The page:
While I was perusing the list of 52-week lows I spotted a familiar name, Research Frontiers Inc. (NASDAQ:REFR). Like the proverbial bad penny, REFR had returned to my investing psyche. You see, sometime back in the mid-1990s I received a tip on the stock from my former broker suggesting that I purchase some shares in the company. It seems that he was taken in by the company’s description of their “revolutionary” smart glass technology. Mind you my broker was no fool; he was the same person who later suggested that I purchase shares of Apple (AAPL) at slightly over $10 per share. However, in the case of Research Frontiers, he had fallen for a story rather than a viable business.
Research Frontiers has been listed on the Nasdaq for around two decades, successfully enticing investors and raising capital by creating an alluring story which has no substance. Similar to the sailors who were lured to their destruction by the sweet voices of the mythical Greek sirens, even experienced investors have fallen prey to the seductive snare of this story stock. When an individual purchases shares in such a company, he has crossed the line from investment to speculation: Often times the departure occurs unwittingly. Avoiding such equities is paramount to an investor’s long-term returns.
The subject of today's article is a discussion of Research Frontiers and some fundamental techniques which enable an investor to quickly discern a story stock from a sound investment.
Characteristics of a Story Stock
Story stocks typified by a definable set of characteristics:
1) They are not shareholder friendly.
2) Executive compensation is excessive (as revealed in the proxy statement).
3) Revenues are low (as displayed in the income statement).
4) They have large accumulated deficits (listed in the equity portion of the balance sheet).
5) They are funded by perpetual shelf filings which increase their share count and their additional paid-in capital in the equity portion of the balance sheet.
6) They habitually burn cash (as demonstrated in the cash flow statement under cash flow from operations).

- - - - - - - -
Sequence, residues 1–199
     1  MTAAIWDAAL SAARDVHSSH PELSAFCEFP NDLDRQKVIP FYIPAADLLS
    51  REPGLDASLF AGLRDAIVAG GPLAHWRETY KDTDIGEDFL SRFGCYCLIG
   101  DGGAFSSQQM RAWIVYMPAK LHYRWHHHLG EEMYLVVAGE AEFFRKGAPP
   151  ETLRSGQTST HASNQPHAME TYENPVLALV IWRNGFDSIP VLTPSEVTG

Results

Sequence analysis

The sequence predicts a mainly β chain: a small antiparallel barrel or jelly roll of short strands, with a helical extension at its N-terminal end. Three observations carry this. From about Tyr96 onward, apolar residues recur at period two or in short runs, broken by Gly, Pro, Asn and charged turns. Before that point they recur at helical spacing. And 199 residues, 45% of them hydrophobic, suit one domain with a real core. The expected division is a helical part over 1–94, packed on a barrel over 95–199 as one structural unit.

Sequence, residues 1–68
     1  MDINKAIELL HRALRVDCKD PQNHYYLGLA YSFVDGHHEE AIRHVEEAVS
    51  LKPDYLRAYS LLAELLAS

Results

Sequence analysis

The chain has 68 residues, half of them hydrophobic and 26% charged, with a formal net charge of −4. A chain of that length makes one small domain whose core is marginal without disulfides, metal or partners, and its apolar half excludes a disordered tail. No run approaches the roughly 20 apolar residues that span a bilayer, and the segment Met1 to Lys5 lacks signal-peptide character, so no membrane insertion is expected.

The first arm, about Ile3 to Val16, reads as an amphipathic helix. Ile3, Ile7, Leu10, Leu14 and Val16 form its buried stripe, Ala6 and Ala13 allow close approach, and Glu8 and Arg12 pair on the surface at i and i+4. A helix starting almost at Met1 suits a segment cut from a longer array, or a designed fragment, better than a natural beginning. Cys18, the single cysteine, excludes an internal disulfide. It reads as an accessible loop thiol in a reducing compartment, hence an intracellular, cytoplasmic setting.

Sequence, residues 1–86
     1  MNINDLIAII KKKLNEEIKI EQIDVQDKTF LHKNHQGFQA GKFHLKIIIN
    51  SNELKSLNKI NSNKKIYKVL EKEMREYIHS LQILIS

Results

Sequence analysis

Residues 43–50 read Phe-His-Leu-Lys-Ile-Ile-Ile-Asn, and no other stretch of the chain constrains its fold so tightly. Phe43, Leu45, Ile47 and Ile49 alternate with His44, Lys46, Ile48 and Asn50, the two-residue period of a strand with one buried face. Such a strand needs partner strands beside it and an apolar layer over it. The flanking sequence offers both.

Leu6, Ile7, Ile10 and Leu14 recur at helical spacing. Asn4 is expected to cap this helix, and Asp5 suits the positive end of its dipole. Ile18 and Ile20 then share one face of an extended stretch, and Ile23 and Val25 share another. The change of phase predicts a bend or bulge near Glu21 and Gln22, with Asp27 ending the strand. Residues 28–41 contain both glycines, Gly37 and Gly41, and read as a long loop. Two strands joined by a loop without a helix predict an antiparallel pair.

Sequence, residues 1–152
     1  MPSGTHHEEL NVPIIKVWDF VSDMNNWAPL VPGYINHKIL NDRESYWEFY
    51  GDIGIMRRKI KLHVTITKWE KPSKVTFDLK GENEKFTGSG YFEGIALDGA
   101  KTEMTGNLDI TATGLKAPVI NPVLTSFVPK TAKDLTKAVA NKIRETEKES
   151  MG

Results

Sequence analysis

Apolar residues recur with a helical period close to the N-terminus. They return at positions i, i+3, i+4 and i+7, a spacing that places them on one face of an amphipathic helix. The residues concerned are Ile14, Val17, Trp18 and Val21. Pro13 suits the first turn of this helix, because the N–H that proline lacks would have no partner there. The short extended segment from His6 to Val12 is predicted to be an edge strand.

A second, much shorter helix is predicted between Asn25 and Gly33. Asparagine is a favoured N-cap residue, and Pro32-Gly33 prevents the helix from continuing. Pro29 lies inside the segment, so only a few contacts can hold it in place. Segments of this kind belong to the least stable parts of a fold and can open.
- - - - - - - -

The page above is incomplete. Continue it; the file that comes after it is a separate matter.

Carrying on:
Story stocks exist for a single reason: They provide their management (and sometimes their board) with a very productive livelihood while providing their shareholders with little in return.
The following statement by long-time REFR shareholder (who recently petitioned the board of directors unsuccessfully to include him as a director) appeared on their annual proxy statement:
Statement by Darryl Daigle
I have been a shareholder of Research Frontiers for more than 21 years and currently own a substantial equity position in the Company which, according to the most recently published ownership records, makes me the largest individual shareholder outside of management and the independent directors of the Company.
As a shareholder I have been independently active among the Research Frontiers shareholder community, have performed extensive independent due diligence on the Company and its licensees, and have supported the Company and its shareholders for the past two decades.
I believe that, based on the Company’s current ownership, which predominantly consists of retail shareholders, that our retail shareholders need stronger representation on the Board of Directors. I believe that it is important for board members to have a meaningful personal economic stake in the business and success of the companies on whose boards they serve. I have purchased the stock that I own, both in the open market, and directly from the Company, using my own personal resources. I made this investment because I believe that Research Frontiers’ SPD technology has the potential to make revolutionary changes in the way that automobiles, aircraft, and architectural applications will be designed and used. I believe that the prospects for the Company are quite positive, but believe that more can be done to build shareholder value to reflect the Company’s bright prospects. I hope to use my more than 25 years experience as a successful business owner, and two decades experience as an investor in Research Frontiers, to provide retail shareholders with an effective and independent voice on the Board of Directors of the Company.